As the classic English castle with drawbridge and turrets, New Hall is the most romantic of locations as waterlilies idyllically float on a moat fed by seven fresh-water springs. Probably England’s oldest inhabited moated house, New Hall tells the story of over a millennium of history. Inevitably, Henry Vlll, between his fifth and sixth wives, limping and obese, leads the pageant of historical figures intertwined with New Hall’s history.
Portions of the building date from Anglo-Saxon times. Early in New Hall’s story, sometime after 1066 and the Battle of Hastings, the brutally ruthless William the Conqueror had Edwin of Mercia executed and seized his New Hall estate. As the centuries rolled by, New Hall and its ghosts tell the story of England’s history. After New Hall’s owner was fined for supporting the losing side in the 1640s English Civil War, the ghost of a neck-ruffed cavalier, in a then-trendy black velvet suit is said to sometimes appear in the castle’s passages. Legend has it that Charles ll stayed a night at New Hall as he fled from Roundhead forces.
Located seven miles north-east of Birmingham, in Sutton Coldfield, New Hall Hotel and Spa is set in 26 acres of pasture, woodland and formal Tudor-symmetric gardens, where precise topiary has become an art form. It is an idyllic rural retreat for those on business in Birmingham – guests say they’ve caught glimpses of Kylie and other celebs – and from frenetic 21st century living.
Step back in time for a taste of late medieval architecture that makes Hogwarts look restrained: coats of arms, griffins, stone fireplaces, Norman French mottoes, crenelated towers, mullioned windows, timber beams and a cupola topped by a weathervane. A recent makeover has brought a lighter touch to the historic wood-panelled decor.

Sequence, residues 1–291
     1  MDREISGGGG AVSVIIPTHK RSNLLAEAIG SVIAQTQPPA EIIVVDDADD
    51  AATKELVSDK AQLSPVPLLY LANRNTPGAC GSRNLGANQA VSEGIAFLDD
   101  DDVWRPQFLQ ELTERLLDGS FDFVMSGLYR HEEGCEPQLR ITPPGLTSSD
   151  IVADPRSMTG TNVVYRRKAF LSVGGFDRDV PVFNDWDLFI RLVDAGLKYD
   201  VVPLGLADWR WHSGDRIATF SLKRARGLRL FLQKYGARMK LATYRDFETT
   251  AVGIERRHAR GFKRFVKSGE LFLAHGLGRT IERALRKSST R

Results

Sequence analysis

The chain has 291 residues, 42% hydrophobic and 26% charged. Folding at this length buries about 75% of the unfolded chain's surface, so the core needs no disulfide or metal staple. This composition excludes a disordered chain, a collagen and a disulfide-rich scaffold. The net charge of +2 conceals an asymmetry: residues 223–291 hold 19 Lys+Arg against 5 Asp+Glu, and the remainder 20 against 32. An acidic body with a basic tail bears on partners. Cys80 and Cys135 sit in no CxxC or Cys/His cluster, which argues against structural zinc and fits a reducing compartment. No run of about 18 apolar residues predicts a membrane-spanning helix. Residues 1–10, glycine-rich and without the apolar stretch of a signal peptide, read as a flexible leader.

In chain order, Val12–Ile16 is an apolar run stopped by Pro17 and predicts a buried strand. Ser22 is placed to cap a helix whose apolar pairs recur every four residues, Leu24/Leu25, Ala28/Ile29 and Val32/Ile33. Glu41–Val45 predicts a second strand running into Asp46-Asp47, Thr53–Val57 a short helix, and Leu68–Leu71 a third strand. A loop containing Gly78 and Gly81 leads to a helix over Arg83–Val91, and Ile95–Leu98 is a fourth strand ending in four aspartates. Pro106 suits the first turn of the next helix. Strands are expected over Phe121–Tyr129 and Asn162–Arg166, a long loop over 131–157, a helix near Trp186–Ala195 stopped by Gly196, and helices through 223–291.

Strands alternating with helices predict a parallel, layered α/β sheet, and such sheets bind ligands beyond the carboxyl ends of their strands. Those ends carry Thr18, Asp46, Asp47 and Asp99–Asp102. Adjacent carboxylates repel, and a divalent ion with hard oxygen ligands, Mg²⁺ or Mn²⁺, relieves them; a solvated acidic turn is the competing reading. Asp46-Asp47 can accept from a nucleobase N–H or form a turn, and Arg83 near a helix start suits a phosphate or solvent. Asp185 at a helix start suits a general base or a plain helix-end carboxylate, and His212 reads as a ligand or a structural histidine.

Nine feature rooms, named after a variety of water lilies, at the heart of a frequently extended castle, celebrate New Hall’s traditions. There are a further 51 rooms exhibiting Hand Picked Hotels’ flair for discreet interior design.
Waking in a four-poster bed to hear babbling brooks feeding the moat, with early morning mist lingering over the water, has a regally privileged feeling. A light and soothing palette of pastoral greens brings the woodland theme into the rooms. Although facilities are decidedly contemporary, they are discreetly hidden away with dark wood furnishings to keep the ambience of a days-gone-by Lords and their Ladies’ retreat. En-suite bathrooms prioritise modern comfort over historical accuracy. No danger of Horrible Histories’ pongs here, as ample and fragrant Hand-Picked Hotels toiletries are provided.
Walking from the bar through to The Bridge Restaurant, diners have a preview of the impressive range of wines on offer with a spot lit view of the cellar. Cuisine has come on apace since the days when King Henry hunted boar for a spit-roast. Today’s modern British cuisine, featured in the two AA Rosette restaurant, with sourcing fit for royalty is much lighter than in carnivorous Henrician times. Yorkshire cod fillet served with a butter bean cassoulet, a creamy pork fillet contrasting with garlic mash and black pudding and corn-fed chicken supreme – all illustrate the chef’s light touch. Though Henry would have probably been outraged by a vegan exotic offering of roasted cauliflower, curried carrots and saffron risotto.
Ask reception for a guided tour of New Hall, to view the historic room where Henry Vlll dined and to hear tales of ghostly apparitions. History does not record whether Henry brought a plus-one on his visit to New Hall but there is no doubt that indulgent spa treatments and a warm indoor pool were not available over four centuries ago. Being Henry’s mistress / wife / next victim could not have been easy – and whoever the lady was – she would have been in need of an escape into a day of pampering. There’s also a map for walks through the peaceful firs, oaks and rhododendron and a small pitch-and-putt golf course to enjoy, while New Hall is just a short drive away from The National Memorial Arboretum at Alrewas in Staffordshire.
In a nutshell
A unique opportunity to time-travel to a moated drawbridge castle that reveres New Hall’s rich history and local tradition but more than satisfies contemporary expectations of luxurious comfort and fine-dining.
Getting there – New Hall Hotel and Spa is minutes from the M6 toll-road. Alternatively, guests can take a train to Birmingham New Street and then a taxi. As this unique slice of English history draws visitors from afar, taxis are available from Birmingham International Airport.
Rooms can be booked from £185.
Address: Walmley Road, Sutton Coldfield, Birmingham B76 1QX
Phone: 0121 378 2442
Photography courtesy of New Hall Hotel and Spa